Riot Games’ League of Legends Broadcast
Riot Games produces Paris Mid-Season Invitational live broadcast from Los Angeles studio.
Scaling up for International Production
Released in 2009 by Riot Games, League of Legends is the world’s most popular multiplayer online game. As the global community of League of Legends players continues to grow, so too has the viewership of Riot Games’ live event coverage. In supporting its ongoing success and growth, Riot Games needed a way to streamline international productions while delivering an experience on par with major sporting events.
As they prepared for the 2018 Mid-Season Invitational (MSI) in Paris, Riot Games looked for ways to address the challenges of executing an international event while continuing to deliver high quality content to its rapidly growing viewership. The 2018 MSI involved multiple teams over three six-hour stretches of competition which needed to be broadcast to esports fans via Twitch, YouTube, and other video services. To centrally manage live production from Los Angeles, Riot Games implemented a REMI remote production model or at-home type workflows. This approach, used by leading sports broadcasters, aims to ensure high production quality by maintaining directors, broadcast engineers, motion graphic designers, and audio technicians at their main broadcast center rather than deploying production staff on the ground.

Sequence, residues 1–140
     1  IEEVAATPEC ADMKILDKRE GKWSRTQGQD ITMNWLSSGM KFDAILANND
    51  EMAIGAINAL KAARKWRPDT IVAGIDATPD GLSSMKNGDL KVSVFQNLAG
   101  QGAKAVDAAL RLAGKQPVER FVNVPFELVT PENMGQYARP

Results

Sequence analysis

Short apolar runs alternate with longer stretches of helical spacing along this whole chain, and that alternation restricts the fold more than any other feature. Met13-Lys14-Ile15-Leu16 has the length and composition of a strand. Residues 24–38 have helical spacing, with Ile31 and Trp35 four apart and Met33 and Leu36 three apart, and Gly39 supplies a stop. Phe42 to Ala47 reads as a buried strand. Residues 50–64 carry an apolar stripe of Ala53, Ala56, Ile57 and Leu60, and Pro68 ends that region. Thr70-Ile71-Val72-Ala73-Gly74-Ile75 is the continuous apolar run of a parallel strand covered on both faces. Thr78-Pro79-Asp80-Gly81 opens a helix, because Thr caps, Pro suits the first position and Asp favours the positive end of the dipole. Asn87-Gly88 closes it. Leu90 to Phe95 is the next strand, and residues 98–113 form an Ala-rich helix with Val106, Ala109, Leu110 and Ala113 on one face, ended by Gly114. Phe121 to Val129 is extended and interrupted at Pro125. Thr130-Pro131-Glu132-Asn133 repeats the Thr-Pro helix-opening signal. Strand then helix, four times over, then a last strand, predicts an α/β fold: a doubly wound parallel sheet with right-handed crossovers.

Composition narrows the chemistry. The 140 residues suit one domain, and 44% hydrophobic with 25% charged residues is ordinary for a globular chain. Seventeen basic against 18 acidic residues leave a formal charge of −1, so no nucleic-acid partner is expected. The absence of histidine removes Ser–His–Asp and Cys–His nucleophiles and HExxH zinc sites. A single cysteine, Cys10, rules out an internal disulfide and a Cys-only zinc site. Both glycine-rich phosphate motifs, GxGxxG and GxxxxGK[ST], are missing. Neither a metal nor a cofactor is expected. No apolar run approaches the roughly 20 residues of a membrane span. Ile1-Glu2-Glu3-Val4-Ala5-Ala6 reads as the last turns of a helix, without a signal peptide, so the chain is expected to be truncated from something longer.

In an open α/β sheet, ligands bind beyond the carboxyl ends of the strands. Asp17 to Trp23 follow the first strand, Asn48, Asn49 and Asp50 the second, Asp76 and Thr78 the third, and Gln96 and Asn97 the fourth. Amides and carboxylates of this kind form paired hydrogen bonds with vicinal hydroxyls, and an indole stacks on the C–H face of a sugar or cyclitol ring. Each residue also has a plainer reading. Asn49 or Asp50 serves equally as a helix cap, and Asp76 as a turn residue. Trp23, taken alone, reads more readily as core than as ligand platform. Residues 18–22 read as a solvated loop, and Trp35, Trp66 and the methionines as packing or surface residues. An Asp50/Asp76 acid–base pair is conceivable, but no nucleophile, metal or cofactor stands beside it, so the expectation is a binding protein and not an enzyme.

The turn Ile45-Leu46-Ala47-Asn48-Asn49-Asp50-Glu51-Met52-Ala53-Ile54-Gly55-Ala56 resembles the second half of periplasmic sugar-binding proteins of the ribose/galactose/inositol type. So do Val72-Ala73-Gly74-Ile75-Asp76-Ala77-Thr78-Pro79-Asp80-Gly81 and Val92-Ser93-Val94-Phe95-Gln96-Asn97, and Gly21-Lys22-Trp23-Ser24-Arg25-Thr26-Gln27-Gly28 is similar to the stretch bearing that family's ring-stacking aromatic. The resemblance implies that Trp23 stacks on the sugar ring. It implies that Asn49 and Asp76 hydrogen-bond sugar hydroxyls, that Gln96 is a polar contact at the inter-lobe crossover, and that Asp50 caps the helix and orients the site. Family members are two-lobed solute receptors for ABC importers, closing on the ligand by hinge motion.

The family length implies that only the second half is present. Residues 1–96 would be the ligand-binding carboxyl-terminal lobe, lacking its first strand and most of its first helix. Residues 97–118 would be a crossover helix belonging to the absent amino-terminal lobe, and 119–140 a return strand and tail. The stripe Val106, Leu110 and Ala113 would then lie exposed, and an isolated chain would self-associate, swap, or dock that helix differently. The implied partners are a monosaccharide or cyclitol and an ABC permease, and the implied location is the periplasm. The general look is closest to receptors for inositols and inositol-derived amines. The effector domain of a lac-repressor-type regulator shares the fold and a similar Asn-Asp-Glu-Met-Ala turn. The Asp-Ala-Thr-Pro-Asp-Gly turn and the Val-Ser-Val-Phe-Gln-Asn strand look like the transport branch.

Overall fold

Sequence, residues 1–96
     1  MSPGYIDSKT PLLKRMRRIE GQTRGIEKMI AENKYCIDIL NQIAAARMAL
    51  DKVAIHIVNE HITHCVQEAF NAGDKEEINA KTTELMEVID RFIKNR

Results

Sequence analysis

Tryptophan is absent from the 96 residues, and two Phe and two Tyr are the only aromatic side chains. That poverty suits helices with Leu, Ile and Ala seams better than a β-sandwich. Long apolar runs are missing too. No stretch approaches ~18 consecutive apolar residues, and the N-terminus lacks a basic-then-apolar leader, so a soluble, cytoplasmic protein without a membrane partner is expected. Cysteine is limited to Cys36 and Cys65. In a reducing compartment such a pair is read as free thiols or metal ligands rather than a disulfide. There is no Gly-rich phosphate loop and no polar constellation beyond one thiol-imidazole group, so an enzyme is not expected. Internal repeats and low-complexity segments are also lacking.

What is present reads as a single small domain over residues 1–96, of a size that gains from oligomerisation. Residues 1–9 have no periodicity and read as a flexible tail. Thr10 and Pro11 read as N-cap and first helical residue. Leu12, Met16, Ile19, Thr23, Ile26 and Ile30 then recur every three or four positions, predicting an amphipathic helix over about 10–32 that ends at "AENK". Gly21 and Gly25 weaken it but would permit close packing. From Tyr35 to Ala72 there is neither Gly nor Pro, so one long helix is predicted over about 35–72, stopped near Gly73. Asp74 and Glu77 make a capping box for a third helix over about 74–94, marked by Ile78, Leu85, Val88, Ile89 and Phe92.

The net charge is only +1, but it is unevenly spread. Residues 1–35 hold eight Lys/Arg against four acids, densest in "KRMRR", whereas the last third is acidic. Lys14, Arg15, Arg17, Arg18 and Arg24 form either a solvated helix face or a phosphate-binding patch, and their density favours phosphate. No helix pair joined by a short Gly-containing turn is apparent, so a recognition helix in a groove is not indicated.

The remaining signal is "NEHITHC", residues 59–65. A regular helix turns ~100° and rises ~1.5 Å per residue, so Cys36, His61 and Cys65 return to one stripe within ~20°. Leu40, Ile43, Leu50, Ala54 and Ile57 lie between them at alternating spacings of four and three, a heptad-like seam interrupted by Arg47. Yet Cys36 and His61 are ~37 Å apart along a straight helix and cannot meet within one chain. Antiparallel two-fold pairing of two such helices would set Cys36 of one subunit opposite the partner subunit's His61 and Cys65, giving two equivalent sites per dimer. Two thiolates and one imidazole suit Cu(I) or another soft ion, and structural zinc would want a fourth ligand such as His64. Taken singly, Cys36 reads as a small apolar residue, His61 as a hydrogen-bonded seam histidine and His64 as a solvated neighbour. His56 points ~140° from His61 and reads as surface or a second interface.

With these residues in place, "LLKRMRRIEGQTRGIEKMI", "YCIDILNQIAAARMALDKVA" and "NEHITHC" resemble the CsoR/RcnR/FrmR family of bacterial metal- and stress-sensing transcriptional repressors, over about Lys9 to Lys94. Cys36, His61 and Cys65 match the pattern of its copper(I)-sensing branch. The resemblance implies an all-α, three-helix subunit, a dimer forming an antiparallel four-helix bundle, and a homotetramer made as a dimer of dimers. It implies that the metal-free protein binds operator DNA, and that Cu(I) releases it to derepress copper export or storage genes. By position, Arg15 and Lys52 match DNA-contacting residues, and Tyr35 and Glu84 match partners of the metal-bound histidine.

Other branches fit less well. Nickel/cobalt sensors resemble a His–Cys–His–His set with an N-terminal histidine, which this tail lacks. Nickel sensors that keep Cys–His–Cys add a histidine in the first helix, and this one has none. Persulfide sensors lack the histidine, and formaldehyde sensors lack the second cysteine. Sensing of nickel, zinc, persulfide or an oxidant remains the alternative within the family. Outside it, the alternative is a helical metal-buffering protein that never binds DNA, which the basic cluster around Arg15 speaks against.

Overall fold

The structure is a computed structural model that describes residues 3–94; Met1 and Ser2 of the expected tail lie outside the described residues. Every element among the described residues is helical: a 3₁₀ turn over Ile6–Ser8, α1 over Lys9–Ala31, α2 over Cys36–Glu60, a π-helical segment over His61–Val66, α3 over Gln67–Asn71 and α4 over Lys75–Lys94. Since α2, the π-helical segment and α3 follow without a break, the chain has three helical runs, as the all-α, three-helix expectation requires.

For the Paris tournament, Riot Games needed to aggregate live video feeds from up to 34 different simultaneous players with as little latency as possible. These feeds had to be streamed to their Los Angeles broadcast center – a distance of about 6,000 miles or 10,000 kilometers – in 1080p60 resolution. In supporting its REMI workflow, Riot Games wanted to leverage their global wide area network (WAN) and local point of presence (PoP) servers, originally designed to ensure speedy gameplay, for live broadcast contribution and backhaul. By utilizing their own IP network, Riot Games wanted to reduce total bandwidth usage for their video contribution streams from 10 to 1 Gbps.
As quality remained a top priority, the live production team also needed to ensure that audio and video streams were kept in sync within a single frame no matter which PoP servers were used. In order to meet this and all the other challenges, Riot Games needed a solution that could capture all the live gaming action, on and off screen, without compromising on video quality and latency.
“Finding a scalable solution with Haivision has given us new options in how we produce our major shows, leading us to streamline production and achieve operational efficiency. We now have the capacity to do a myriad of different tasks with the same device which has given us way more flexibility than we’ve had in the past.”
More than just a solution, a partnership
As they looked to support the rapid growth of their international productions, Riot Games reached out to broadcast equipment vendors in search of a good solution. Most of the vendors offered video products based on traditional workflows and were not able to provide the flexibility that Riot Games needed to leverage their global IP network for live contribution. Fortunately, Haivision was able to demonstrate that their technology and expertise in streaming low latency video over all types of networks was able to deliver the level of reliability and flexibility that Riot Games was aiming for.